RedPowerLady's avatar

@JLeslie Ya I prefer the courtesy of a parking space over a costly not-so-easy-to-get temp sticker for pregnancy. Just a preference.

ubersiren's avatar

Population is irrelevant, at least in the US.

In our country, we’re pretty balanced. There is much more land available than there are people. We’ve got space and the resources. Those who choose not to breed should be thankful someone is doing it for them. Those who choose to breed should be thankful that not everyone is doing it. Both kinds of people are necessary to keep this balance. I’m pretty sure that’s what Mother Nature is all about. We should be respectful of it and the people who play each part.

valdasta's avatar

My wife has had more than six children…I think she deserves valet – and a medal.

poofandmook's avatar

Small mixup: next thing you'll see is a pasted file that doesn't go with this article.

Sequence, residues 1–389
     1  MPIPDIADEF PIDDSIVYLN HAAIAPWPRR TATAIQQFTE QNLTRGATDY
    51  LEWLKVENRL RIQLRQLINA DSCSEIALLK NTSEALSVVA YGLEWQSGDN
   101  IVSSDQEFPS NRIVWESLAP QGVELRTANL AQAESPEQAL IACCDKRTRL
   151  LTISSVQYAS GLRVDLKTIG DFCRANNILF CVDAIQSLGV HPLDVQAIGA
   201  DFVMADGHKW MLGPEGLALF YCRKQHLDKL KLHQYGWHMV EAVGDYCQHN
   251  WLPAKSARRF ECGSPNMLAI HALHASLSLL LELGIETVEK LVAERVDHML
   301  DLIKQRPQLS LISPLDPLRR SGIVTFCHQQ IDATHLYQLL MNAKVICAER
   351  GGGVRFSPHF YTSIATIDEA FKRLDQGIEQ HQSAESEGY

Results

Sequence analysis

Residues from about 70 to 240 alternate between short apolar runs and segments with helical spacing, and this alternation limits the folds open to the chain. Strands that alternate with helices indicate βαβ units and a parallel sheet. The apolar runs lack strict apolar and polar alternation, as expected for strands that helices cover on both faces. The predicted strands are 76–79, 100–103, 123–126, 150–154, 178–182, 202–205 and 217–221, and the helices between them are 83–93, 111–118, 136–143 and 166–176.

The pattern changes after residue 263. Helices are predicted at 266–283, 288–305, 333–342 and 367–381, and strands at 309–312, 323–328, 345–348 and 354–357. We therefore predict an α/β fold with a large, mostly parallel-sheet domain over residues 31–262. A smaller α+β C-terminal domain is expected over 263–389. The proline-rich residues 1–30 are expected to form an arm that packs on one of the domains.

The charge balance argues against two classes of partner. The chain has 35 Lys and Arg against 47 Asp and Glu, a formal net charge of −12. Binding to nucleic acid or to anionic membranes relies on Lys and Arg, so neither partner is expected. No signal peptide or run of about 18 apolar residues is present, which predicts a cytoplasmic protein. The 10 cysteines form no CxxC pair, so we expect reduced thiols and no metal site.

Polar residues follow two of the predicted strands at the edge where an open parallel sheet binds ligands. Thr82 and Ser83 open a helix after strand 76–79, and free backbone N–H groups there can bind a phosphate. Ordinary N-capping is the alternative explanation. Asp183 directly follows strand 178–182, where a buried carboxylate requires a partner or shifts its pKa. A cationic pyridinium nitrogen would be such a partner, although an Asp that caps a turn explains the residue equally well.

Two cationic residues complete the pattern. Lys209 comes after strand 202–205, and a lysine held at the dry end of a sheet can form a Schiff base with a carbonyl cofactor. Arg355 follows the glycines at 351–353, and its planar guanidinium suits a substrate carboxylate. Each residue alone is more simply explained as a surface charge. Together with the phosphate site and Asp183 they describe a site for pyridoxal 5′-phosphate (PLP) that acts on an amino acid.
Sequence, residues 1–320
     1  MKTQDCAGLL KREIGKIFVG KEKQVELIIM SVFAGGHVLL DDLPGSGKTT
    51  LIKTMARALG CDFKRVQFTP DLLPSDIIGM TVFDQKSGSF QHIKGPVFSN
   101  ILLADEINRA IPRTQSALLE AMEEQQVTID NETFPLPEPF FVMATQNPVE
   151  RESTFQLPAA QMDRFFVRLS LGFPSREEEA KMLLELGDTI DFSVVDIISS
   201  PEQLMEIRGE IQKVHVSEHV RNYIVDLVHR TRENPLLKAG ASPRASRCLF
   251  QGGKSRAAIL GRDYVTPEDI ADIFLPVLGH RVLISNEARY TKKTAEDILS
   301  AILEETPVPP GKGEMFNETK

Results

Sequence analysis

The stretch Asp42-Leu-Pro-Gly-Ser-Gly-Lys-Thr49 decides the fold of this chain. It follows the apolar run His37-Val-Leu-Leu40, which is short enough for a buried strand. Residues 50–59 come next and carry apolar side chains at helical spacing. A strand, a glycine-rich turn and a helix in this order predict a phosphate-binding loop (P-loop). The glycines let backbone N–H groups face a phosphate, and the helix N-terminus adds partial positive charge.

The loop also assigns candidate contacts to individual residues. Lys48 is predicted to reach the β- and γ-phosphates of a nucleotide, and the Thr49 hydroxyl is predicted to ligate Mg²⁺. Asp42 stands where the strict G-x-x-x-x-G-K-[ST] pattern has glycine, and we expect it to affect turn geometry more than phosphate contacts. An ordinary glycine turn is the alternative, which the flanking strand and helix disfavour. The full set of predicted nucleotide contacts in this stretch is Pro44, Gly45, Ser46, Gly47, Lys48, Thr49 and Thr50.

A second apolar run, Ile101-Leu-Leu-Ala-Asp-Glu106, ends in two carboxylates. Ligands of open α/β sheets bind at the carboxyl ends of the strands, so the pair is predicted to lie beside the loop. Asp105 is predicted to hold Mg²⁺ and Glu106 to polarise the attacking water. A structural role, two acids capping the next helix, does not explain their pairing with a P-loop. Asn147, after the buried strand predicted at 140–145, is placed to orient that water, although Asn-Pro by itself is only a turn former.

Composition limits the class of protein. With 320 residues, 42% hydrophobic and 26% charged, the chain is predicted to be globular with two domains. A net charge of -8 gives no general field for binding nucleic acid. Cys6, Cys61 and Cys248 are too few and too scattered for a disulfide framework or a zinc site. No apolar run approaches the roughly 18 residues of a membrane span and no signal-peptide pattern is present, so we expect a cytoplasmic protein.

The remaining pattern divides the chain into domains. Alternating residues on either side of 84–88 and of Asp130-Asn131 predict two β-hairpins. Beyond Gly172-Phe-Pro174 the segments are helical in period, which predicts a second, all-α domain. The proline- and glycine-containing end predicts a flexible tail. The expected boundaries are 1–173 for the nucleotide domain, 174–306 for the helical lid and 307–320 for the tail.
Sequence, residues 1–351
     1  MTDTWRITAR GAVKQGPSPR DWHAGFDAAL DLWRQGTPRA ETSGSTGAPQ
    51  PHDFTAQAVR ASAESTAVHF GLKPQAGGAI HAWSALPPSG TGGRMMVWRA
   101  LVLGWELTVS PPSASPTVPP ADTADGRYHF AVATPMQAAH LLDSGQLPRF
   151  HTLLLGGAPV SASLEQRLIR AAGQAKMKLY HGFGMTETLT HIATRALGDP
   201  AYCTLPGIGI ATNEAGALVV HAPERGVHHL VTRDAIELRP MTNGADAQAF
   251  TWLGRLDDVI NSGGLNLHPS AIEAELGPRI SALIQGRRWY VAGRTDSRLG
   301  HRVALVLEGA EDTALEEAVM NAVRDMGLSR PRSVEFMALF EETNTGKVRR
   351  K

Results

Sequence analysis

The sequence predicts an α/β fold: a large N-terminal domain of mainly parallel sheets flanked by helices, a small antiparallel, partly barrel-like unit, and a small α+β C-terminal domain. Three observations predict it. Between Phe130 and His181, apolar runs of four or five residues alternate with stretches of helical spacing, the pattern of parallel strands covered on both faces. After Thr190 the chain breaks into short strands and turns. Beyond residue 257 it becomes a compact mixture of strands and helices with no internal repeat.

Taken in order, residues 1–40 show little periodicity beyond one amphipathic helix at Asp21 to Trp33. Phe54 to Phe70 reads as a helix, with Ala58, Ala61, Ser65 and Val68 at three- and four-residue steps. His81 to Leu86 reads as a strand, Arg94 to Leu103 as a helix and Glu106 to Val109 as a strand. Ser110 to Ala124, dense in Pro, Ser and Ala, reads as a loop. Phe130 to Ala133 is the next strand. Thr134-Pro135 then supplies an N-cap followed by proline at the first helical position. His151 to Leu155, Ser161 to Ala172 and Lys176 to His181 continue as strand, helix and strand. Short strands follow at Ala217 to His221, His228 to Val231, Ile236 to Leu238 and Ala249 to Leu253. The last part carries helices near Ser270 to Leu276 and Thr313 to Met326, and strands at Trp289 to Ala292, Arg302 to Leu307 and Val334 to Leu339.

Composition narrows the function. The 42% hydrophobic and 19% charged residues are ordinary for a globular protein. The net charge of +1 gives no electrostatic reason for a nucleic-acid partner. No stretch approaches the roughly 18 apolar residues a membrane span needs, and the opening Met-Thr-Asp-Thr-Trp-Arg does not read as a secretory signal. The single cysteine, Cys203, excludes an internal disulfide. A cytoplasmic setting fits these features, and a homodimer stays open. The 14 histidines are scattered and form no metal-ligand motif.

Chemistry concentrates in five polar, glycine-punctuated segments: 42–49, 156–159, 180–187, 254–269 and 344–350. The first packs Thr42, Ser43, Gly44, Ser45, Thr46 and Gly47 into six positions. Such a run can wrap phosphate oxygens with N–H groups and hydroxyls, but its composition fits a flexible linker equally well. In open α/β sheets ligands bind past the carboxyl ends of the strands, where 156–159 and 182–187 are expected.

I’m sorry but some of you are just jerks… regarding “fat” people. Sorry not everyone is perfect like all of you.

whitenoise's avatar

@poofandmook
Aren’t you a bit overstating that jerkiness? I think there are about two links with nastiness towards fat people. 1 and 2 My impression is that the rest of the posts just every now and then refers to fat people. Is that nasty in itself? I don’t think so. (Unless you object to the word “fat” when referring to obese people, in which case I will gladly make an addition to my list of words banned by political correctness – just let me know.)

BTW one of those two remarks was made by myself and you did notice the indications of it being an ironic remark, right? My impression (and hope!) was that the second one was not intended seriously either.

gussnarp's avatar